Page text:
Biodiversity metrics and biodiversity values for the public appraisal of biodiversity: synthesising and extending the evidence.

Lead Research Organisation: University of Exeter
Department Name: Economics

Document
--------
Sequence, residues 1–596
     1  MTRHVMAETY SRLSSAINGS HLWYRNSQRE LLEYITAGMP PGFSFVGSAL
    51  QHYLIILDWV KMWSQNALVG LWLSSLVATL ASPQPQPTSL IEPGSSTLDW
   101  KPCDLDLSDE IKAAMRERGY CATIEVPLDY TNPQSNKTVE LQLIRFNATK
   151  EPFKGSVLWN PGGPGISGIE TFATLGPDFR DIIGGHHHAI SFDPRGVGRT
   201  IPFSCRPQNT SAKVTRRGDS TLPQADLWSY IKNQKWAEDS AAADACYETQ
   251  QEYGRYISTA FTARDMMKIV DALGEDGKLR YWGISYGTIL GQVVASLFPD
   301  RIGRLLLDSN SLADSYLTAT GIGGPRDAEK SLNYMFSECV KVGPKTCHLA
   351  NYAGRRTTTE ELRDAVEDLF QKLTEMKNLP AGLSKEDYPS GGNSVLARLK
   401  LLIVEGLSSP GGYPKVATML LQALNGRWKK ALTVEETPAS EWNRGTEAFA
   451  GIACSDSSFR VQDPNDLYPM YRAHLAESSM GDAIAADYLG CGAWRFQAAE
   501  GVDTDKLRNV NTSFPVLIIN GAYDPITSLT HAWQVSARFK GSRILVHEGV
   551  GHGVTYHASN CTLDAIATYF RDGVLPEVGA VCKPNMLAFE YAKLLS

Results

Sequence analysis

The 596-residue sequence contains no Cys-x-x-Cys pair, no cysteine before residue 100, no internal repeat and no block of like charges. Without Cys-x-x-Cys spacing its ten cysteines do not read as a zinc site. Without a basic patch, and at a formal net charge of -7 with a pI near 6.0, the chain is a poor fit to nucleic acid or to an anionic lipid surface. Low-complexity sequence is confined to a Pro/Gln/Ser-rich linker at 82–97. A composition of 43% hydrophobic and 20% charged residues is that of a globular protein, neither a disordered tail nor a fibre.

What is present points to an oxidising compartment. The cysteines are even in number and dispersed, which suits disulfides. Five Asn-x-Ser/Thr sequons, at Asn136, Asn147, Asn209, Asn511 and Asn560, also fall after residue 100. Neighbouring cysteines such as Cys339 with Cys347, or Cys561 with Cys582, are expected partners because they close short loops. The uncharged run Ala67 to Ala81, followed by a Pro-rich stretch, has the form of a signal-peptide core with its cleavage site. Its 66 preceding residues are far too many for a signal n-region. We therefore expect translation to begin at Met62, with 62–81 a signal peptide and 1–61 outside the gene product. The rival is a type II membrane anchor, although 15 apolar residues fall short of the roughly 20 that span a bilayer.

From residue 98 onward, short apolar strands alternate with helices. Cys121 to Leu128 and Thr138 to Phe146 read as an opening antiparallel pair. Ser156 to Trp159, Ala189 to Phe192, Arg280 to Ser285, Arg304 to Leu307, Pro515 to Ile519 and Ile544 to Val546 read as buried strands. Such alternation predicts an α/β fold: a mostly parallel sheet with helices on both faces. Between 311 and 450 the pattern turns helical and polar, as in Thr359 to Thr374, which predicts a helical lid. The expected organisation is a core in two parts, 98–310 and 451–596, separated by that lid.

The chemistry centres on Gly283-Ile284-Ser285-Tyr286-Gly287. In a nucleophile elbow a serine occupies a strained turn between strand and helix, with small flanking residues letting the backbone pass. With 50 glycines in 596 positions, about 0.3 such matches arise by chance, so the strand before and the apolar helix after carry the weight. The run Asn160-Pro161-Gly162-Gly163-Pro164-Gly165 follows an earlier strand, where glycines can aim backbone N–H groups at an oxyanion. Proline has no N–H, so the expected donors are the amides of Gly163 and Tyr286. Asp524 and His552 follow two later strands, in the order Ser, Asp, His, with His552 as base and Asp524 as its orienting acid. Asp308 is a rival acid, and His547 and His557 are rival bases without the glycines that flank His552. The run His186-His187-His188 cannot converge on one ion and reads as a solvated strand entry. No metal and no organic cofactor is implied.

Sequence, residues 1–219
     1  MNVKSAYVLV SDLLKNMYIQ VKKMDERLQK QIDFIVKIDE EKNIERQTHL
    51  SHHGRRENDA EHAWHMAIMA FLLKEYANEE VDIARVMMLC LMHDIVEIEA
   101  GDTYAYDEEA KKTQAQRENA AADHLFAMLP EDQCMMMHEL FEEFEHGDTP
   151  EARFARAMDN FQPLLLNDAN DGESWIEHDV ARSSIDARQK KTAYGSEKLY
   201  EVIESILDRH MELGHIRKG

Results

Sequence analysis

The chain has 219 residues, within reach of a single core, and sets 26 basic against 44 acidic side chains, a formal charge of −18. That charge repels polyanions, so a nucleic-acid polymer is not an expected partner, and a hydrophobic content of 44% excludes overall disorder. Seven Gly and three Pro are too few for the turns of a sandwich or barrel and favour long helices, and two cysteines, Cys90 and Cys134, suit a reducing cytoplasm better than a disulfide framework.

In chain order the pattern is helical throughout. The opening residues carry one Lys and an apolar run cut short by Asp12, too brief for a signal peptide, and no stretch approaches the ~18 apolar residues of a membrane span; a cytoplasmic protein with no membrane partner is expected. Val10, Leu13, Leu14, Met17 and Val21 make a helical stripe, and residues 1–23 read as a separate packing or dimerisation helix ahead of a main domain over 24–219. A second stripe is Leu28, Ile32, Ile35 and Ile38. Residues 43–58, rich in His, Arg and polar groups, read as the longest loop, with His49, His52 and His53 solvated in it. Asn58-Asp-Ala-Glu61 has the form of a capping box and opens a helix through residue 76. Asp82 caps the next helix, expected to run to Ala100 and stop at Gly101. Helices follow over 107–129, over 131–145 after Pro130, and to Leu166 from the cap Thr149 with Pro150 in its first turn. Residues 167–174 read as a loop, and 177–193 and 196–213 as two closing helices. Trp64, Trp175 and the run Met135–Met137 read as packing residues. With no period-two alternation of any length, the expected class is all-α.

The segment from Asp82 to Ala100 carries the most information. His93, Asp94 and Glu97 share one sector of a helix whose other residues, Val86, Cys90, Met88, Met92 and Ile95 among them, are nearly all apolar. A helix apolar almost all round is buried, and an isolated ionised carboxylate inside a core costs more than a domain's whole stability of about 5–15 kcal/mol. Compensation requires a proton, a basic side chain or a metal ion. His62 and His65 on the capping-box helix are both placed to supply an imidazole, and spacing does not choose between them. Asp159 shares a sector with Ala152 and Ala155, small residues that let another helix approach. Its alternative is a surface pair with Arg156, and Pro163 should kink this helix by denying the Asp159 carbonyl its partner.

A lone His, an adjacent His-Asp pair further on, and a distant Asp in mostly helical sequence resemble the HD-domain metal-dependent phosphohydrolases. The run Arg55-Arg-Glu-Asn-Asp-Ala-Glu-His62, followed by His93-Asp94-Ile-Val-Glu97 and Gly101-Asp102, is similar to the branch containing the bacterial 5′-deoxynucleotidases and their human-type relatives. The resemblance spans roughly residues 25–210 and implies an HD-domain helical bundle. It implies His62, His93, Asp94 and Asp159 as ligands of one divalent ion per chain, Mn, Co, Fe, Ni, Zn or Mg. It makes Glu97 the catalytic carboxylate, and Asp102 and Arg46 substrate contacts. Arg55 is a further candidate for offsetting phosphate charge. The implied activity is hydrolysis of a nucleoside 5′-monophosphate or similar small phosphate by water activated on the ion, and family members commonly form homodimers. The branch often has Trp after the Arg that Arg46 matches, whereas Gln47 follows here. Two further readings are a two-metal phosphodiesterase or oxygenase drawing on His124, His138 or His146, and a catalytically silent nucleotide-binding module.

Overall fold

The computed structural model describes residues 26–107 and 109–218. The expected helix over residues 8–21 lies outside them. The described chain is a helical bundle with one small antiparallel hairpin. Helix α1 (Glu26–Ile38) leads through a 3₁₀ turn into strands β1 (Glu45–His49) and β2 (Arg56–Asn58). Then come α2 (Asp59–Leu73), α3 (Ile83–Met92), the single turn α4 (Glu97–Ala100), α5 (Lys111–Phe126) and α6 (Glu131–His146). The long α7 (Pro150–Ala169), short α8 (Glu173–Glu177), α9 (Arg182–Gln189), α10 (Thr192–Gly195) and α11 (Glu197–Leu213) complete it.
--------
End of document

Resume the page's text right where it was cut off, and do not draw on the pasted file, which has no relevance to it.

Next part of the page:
The world is facing a biodiversity crisis. Despite biodiversity's value, it is systematically ignored in economic decision making. This proposal will address this shortcoming by synthesising the lessons to date in valuing biodiversity, and establishing how these values can be mainstreamed in decision-making to positively affect biodiversity policy and outcomes. As numerous publications highlight, biodiversity contributes to people's wellbeing through multiple ecosystem services (e.g. pollination, climate regulation, flood prevention). Decades of research allows us to accurately estimate the relationship between land-use decisions and both biodiversity outcomes and ecosystem service values. Yet, people also derive well-being from simply knowing that biodiversity is there ("existence value"). This study will explore the two methods for incorporating these values within economic decision making: 1) via measuring people's Willingness-To-Pay (WTP) for biodiversity; 2) via the cost of meeting an agreed policy target (e.g. net-gain) for biodiversity: a cost-based approach.